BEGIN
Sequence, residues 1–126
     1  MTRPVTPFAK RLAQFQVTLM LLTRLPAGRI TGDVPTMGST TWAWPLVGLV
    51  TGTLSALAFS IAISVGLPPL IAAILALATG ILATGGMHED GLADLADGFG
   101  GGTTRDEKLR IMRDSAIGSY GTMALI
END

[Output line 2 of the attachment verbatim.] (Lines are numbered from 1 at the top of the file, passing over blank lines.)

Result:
     1  MTRPVTPFAK RLAQFQVTLM LLTRLPAGRI TGDVPTMGST TWAWPLVGLV